Found at PA Nurse Anesthesia Assoc:
New Study Shows Surgical Death Rates Not Affected
by Type of Anesthesia Provider
Data reveals no significant differences in surgical mortality rates
when anesthesia is provided by nurse anesthetists
or anesthesiologists working individually or together.
PARK RIDGE, Illinois--Patients are just as safe receiving their anesthesia care from Certified Registered Nurse Anesthetists (CRNAs) or physician anesthesiologists working individually, or from CRNAs and anesthesiologists working in anesthesia care teams, according to a groundbreaking study published in the April 2003 AANA Journal.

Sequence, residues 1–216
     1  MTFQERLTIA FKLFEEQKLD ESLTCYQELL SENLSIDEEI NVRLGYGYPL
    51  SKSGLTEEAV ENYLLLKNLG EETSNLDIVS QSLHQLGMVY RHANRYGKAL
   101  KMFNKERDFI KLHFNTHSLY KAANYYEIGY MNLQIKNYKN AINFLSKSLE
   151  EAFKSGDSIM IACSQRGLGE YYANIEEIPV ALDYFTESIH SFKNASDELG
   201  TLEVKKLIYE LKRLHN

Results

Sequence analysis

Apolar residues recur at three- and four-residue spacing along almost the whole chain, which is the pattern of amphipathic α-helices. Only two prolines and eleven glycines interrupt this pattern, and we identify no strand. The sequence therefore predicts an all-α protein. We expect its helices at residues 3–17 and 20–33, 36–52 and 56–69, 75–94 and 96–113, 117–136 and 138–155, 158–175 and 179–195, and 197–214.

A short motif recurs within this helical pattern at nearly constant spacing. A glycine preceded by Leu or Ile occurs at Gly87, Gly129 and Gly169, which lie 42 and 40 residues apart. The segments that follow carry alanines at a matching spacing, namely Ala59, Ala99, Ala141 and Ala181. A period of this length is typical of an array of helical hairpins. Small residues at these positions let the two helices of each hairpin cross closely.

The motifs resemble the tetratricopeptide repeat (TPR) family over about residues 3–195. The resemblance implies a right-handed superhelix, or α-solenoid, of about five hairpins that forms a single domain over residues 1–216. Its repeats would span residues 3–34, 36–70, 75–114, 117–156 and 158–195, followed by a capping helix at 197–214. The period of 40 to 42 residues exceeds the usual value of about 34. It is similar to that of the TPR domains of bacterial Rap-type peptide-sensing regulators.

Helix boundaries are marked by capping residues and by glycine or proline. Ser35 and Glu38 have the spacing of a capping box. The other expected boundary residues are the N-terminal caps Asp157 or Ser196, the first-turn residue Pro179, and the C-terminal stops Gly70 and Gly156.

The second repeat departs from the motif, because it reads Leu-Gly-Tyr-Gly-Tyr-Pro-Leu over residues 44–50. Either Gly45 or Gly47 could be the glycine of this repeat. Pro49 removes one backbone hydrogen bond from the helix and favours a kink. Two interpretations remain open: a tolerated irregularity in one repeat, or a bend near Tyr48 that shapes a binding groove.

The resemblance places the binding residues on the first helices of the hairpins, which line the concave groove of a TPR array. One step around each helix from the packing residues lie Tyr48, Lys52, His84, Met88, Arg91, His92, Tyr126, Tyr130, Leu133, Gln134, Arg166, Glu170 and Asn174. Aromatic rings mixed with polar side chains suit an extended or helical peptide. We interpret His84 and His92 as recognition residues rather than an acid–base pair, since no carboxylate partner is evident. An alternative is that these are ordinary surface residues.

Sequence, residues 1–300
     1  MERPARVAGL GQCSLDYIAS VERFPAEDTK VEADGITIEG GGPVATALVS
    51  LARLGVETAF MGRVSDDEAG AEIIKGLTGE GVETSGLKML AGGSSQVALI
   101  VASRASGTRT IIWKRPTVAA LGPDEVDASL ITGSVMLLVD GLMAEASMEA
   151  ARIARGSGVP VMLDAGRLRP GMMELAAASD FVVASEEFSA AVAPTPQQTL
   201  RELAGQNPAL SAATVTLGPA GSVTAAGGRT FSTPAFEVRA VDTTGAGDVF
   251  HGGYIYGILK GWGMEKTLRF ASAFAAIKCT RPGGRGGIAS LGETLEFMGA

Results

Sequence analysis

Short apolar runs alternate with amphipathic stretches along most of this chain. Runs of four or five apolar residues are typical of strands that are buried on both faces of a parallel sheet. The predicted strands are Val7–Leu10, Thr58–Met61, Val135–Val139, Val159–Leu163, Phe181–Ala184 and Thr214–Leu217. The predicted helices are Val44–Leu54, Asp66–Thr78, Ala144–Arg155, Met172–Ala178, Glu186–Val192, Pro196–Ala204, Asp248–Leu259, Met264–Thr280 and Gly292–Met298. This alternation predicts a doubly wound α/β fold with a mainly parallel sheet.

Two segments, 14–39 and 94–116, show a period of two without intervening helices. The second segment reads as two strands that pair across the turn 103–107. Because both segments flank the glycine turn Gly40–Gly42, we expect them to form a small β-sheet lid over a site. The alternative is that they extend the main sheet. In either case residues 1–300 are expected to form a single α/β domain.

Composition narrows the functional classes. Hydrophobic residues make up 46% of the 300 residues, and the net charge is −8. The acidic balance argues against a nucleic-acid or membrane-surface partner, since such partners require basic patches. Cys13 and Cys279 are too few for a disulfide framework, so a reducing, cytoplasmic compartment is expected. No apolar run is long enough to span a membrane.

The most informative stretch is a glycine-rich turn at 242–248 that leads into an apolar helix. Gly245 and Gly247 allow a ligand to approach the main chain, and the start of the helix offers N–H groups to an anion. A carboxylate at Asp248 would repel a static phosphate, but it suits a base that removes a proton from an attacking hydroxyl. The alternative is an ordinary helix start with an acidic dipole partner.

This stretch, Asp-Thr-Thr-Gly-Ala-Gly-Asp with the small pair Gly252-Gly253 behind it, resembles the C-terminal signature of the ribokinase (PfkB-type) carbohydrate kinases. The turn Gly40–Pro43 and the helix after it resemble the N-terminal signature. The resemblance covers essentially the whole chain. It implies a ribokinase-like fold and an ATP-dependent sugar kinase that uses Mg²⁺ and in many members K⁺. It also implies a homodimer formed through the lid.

The Institute of Medicine estimates that anesthesia care today is nearly 50 times safer than it was 20 years ago, with one anesthesia-related death per 200,000-300,000 cases. Despite this record of improvement, questions have remained about surgical patient safety related to types of anesthesia providers.
The study, titled "Surgical Mortality and Type of Anesthesia Provider," analyzed the effect of different types of anesthesia providers on the death rates of Medicare patients undergoing surgery. Researchers Michael Pine, MD, Kathleen Holt, PhD, and You-Bei Lou, PhD, studied 404,194 cases that took place from 1995-1997 in 22 states.
According to the study, surgical death rates were essentially the same whether anesthesiologists or nurse anesthetists provided the anesthesia individually or worked together in anesthesia care teams. Further, hospitals in which CRNAs were the only anesthesia providers had results similar to hospitals where anesthesiologists were involved in the anesthesia care.